Here too, advanced machine learning algorithms can assist in making the correct correlations between business functions and the effects on them of different attack vectors or vulnerabilities, and in establishing appropriate responses to individual risks.
Artificial Intelligence in Cybersecurity – AI and Remediation
With most organizations having accepted the wisdom that falling victim to some form of attack or security breach is inevitable – if it hasn’t happened already – much of their attention is focused on how best to co-ordinate the activities of security and IT operations teams, and how to orchestrate an effective and rapid response.
Based on threat identification models and risk assessments, it’s possible to create automated processes to provide notification of security incidents. Combined with rules-based security policies and benchmark performance thresholds, automated mechanisms, and machine learning can help organizations to optimize their remediation efforts.
Artificial Intelligence in Cybersecurity – AI and Augmented Intelligence
Combining in-house knowledge with online security and threat intelligence sources is one of the ways that enterprises can stay up to date with the latest cyber-threats, trends, and technologies. But collating and packaging all this information so that it can inform the work of security professionals and educate workers in security awareness and best practices become a chore, in itself.
Adaptive and selective learning technologies can help security analysts to filter out what’s most relevant from the streams of incident reports and security intelligence that flood the internet on a daily basis. And AI and cognitive technologies can provide real-time support to users – as they already do, in areas such as spam filtering and the identification of phishing websites.
Limitations of AI
Opponents of artificial intelligence often cite the unrelenting thoroughness of machine learning algorithms and automated responses as the greatest weakness of AI. Unchecked (they argue) it ultimately leads to overkill, in the form of false positive threat identifications and false alerts – tons of them.
At present, even the smartest AI systems lack the discerning eye which a human operator can bring to bear on a threat intelligence or network monitoring report. That’s why a co-operative effort between artificial intelligence and security professionals is often advised.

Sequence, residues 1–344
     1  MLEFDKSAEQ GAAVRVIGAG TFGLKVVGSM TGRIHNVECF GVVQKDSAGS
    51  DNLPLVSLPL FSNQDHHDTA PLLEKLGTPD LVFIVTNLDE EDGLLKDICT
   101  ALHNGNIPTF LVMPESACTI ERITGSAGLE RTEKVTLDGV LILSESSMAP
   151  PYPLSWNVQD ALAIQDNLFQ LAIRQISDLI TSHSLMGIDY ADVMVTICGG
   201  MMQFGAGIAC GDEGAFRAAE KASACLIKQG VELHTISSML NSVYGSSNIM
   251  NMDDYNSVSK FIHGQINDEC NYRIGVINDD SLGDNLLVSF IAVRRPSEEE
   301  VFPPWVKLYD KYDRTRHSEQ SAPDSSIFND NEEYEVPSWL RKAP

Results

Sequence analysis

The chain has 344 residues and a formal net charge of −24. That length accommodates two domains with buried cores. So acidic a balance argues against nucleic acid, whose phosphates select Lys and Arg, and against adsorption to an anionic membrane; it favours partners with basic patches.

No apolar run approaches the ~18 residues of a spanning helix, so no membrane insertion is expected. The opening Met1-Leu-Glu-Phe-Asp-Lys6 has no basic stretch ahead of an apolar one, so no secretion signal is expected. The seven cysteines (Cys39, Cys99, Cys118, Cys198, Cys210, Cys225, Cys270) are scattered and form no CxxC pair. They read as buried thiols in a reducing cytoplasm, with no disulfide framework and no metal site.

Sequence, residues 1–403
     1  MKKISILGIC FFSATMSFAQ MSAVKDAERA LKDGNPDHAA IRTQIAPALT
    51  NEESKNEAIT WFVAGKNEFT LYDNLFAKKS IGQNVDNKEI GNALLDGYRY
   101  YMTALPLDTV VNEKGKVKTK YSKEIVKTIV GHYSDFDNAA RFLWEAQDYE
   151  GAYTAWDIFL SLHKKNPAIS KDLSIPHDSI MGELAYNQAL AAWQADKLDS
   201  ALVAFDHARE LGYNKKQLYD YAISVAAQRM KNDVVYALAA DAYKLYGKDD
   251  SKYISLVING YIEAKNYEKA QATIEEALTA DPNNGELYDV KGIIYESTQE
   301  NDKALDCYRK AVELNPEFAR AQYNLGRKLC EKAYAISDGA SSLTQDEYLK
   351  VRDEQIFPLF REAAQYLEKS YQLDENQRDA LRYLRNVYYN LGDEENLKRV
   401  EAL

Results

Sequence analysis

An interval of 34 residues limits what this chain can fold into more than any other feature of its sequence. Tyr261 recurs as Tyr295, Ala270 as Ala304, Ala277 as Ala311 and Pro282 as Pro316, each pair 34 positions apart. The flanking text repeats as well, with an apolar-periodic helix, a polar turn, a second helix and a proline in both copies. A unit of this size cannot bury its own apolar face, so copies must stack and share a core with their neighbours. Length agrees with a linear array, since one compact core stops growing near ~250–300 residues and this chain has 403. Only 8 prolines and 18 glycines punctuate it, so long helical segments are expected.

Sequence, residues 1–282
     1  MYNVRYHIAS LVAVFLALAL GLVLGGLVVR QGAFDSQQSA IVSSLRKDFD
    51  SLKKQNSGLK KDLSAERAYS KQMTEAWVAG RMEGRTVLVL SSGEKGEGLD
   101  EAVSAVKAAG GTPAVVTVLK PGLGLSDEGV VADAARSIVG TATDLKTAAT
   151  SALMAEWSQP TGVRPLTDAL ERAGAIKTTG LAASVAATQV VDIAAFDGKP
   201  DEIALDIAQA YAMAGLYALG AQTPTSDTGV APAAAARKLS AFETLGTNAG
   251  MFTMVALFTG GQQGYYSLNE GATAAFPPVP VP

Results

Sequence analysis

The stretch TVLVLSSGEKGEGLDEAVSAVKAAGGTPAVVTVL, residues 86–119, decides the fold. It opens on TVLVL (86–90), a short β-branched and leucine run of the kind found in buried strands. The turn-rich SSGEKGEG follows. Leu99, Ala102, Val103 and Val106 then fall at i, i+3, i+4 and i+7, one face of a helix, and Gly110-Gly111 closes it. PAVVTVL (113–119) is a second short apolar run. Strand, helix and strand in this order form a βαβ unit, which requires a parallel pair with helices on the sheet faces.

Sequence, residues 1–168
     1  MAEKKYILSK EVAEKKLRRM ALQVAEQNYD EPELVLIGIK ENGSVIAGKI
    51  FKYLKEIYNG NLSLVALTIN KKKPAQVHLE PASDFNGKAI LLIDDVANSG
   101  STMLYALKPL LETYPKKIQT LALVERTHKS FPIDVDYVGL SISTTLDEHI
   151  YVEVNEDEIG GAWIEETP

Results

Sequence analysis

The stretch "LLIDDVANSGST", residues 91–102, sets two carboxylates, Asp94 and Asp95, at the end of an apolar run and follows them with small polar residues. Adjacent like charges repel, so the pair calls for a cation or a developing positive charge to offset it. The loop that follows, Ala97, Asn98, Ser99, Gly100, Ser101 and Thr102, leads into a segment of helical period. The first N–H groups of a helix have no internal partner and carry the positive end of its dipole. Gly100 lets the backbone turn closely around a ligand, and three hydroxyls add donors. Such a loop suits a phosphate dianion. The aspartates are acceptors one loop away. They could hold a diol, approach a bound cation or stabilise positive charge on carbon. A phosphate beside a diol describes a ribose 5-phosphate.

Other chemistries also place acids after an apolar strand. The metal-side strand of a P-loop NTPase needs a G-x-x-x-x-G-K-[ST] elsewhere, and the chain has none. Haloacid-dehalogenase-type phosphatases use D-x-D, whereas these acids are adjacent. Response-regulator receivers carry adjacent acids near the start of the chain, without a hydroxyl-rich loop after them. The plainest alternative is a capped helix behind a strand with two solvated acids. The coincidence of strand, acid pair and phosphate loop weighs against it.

Human-Interactive Machine Learning
So-called “human-interactive machine learning” systems look to provide the best of both worlds.
On the one hand, the AI part of the system analyzes data from internal security sources, correlating the information with threat data from external sources. Automated processes can “red flag” any anomalies that may be worth looking into – and alert human operators to the existence of these potential vulnerabilities or threats.
Security analysts can study these reports, and identify the most relevant threats. These results can then be fed back into the system, which over time learns to adjust its analysis and reporting in response to the input it’s received from the human operators. As monitoring and analysis become more finely tuned, fewer false positives and more actual relevant threats will be identified.
AI and Job Creation
So we’re still a ways from the dystopian nightmare scenario where artificially intelligent systems and machines make human beings obsolete. In fact, it’s been argued that AI has the potential to actually reduce unemployment in the cybersecurity sector.
With cybercrime costing the global economy an estimated $445 billion each year, there’s currently a shortage of skilled professionals capable of taking on the task of populating the increasing numbers of security operations centers needed for analyzing and coordinating the contributions made by security intelligence databases and the observations of intelligent systems.
Individuals with investigative skill, curiosity, and a willingness to learn and adapt to constantly changing streams of knowledge will benefit from what IBM Security’s vice president of threat intelligence Caleb Barlow dubs “new collar” job opportunities.
Artificial Intelligence (AI), therefore, looks set to have an impact on employment patterns within the cybersecurity realm, as well.
Share this Post